Rainfall eases Fla. wildfire threat, but officials urge caution

Firefighters have continued to improve containment lines on the Chipola Complex fire


The Associated Press

PANAMA CITY, Fla. — While rainfall has improved conditions across much of the Florida Panhandle, state officials said Thursday that the volume of dead trees and vegetation left by a Category 5 hurricane in 2018 remains a threat for additional wildfires.

Without additional significant rainfall, the debris left on the ground by Hurricane Michael will quickly dry out and serve as fuel for wildfires, the Florida Forest Service said in a news release.

In the meantime, firefighters are continuing to improve containment lines on the Chipola Complex fire and monitor any new activity.

The rain was a break from days of dry, windy conditions that had fueled three wildfires in and around Bay County, Florida.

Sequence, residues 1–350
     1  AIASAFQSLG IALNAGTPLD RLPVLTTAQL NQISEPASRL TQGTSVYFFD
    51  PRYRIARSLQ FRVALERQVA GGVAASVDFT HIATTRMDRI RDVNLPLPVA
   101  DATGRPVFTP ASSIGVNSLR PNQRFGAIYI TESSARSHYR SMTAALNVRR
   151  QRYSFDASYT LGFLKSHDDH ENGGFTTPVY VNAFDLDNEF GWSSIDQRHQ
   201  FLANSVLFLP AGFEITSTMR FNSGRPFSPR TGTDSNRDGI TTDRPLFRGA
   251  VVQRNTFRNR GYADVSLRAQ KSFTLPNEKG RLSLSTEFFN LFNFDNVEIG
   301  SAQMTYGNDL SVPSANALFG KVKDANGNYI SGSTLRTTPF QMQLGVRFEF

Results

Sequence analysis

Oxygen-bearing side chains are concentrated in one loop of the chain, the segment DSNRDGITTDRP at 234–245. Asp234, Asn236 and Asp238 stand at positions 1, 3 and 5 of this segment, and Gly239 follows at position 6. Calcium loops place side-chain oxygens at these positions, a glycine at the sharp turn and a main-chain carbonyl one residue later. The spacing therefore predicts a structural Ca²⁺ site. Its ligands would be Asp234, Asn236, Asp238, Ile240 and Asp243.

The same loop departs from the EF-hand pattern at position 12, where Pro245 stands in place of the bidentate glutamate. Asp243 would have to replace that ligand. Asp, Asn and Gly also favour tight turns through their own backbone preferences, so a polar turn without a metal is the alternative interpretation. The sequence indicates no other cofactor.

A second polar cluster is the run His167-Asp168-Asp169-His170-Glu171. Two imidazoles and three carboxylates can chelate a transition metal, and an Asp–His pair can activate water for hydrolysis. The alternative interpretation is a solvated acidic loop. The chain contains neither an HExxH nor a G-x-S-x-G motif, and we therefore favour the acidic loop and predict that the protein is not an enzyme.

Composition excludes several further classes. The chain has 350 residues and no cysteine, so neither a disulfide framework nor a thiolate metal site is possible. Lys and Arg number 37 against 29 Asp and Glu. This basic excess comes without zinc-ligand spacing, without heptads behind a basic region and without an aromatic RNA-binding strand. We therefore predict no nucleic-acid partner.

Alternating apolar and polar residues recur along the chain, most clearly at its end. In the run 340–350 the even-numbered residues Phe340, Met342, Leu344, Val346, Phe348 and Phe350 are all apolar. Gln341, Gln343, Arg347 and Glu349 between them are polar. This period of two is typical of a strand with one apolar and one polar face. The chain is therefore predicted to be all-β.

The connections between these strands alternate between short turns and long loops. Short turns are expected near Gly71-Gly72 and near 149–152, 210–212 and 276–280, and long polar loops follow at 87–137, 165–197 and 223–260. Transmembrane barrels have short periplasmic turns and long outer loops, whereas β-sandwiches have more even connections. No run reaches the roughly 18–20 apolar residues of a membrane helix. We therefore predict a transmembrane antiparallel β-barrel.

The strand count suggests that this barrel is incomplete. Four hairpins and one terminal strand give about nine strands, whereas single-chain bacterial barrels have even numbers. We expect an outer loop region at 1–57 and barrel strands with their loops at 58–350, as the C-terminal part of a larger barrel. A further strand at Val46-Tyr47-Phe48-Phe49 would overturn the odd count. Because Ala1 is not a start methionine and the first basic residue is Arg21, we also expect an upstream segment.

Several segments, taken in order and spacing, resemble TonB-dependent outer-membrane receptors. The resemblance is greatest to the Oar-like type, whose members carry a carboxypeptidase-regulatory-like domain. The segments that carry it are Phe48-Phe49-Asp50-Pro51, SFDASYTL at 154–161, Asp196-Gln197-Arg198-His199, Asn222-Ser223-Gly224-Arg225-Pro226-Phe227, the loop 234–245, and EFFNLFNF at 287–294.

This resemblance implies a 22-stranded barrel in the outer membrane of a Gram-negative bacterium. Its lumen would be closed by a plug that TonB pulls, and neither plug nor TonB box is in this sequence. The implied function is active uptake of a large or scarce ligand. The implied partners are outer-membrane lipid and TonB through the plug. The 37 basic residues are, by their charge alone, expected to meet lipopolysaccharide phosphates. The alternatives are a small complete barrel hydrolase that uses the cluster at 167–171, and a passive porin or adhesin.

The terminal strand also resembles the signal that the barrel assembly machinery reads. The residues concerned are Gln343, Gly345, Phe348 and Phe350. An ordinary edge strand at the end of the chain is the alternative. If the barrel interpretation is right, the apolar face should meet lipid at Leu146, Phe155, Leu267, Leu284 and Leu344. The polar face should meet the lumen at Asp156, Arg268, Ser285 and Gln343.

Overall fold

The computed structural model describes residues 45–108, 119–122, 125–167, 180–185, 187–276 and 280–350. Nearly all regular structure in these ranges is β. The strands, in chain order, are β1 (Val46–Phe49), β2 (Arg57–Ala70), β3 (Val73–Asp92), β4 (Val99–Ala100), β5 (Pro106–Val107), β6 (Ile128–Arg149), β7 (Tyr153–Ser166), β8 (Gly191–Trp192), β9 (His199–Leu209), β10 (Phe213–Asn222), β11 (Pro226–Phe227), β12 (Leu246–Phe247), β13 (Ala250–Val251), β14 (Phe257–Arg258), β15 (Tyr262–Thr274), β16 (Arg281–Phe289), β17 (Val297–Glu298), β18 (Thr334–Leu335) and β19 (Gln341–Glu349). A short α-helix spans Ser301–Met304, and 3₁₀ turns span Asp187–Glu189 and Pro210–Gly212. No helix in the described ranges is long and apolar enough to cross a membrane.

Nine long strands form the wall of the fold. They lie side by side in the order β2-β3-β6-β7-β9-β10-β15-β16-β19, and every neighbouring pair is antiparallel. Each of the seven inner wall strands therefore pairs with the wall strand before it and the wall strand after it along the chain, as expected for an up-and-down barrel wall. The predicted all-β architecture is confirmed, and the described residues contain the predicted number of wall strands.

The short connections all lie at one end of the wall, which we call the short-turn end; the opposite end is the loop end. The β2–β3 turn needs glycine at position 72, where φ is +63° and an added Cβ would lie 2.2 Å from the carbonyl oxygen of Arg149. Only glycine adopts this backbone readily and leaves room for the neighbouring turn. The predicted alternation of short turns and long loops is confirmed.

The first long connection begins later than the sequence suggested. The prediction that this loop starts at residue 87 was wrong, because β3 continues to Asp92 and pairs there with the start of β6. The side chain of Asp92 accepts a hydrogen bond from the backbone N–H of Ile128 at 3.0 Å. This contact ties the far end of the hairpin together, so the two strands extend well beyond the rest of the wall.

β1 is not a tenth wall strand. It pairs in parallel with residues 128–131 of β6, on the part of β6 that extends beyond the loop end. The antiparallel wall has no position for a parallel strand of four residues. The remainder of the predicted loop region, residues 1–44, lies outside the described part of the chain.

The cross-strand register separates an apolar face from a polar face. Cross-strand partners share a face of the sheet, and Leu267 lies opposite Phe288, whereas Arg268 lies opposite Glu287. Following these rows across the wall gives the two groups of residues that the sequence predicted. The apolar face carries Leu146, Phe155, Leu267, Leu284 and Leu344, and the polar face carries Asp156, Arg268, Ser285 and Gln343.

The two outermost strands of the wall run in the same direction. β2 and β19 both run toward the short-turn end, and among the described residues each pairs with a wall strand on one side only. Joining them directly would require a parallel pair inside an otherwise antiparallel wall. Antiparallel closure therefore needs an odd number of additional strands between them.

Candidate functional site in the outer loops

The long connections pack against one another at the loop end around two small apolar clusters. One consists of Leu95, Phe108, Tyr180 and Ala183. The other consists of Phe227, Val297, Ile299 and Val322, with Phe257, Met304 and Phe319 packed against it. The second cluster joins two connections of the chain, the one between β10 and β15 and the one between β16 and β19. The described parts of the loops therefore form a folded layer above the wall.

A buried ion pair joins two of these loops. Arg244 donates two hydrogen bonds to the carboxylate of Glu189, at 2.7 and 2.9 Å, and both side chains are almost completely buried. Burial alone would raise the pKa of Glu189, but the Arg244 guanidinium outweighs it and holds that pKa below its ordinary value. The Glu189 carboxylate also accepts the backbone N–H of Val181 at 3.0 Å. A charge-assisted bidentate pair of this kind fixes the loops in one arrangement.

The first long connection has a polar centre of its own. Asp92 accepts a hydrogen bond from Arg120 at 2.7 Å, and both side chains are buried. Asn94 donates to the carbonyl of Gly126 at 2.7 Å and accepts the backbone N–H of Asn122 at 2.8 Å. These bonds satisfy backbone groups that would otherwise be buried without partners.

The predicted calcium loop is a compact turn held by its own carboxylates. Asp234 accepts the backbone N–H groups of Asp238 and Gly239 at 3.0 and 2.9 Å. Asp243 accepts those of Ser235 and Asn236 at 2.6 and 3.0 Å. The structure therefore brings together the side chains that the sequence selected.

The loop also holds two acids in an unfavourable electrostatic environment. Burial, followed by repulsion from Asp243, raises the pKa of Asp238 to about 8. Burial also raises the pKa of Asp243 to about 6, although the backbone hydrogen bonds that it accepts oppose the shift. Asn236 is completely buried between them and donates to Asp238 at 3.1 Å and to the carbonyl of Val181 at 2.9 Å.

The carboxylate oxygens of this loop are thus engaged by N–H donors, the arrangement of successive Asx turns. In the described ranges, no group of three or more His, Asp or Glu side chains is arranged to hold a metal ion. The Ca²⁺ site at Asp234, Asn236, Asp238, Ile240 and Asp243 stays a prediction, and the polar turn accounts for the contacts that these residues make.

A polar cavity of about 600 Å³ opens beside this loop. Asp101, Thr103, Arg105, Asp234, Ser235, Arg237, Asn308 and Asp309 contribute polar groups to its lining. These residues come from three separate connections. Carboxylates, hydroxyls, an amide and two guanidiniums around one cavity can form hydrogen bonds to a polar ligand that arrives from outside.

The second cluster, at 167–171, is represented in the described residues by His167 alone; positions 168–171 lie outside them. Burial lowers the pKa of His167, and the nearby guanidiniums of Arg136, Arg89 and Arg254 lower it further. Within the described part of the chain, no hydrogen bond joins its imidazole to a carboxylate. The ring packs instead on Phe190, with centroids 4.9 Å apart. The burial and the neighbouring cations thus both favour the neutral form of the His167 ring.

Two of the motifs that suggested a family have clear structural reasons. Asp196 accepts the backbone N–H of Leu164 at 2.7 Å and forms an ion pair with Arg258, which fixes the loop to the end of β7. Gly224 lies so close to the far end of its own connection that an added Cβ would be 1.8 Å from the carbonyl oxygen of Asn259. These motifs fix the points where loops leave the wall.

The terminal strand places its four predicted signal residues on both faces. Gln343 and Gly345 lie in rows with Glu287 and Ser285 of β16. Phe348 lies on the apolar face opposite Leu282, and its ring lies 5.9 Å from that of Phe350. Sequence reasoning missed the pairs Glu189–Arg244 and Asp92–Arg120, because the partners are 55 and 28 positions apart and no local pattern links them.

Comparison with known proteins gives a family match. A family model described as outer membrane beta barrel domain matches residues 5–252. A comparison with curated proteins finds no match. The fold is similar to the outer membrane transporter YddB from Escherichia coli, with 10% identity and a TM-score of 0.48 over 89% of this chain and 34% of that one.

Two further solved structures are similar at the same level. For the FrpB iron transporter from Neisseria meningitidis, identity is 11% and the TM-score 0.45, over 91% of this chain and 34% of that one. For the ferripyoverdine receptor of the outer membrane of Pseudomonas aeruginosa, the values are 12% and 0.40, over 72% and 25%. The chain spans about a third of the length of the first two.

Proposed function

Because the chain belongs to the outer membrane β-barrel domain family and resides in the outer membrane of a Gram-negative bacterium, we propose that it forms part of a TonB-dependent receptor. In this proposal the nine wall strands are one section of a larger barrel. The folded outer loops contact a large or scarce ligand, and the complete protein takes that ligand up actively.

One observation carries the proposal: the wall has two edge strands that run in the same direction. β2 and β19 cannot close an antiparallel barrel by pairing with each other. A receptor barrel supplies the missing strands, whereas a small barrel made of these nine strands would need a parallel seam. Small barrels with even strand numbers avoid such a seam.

Over the weekend, residents were evacuated from 1,100 houses in Bay County, but more than half were allowed to return home Monday. So far, only two homes have been destroyed and another dozen damaged, with the destruction occurring last Friday.

The fire that caused that damage, the 875-acre (355-hectare) Adkins Avenue Fire, was 85% contained, fire officials said Thursday.

Hurricane Michael left behind 72 million tons (65 million metric tons) of destroyed trees that have provided fuel for the fire. The hurricane was directly responsible for 16 deaths and about $25 billion in damage in the U.S.
 

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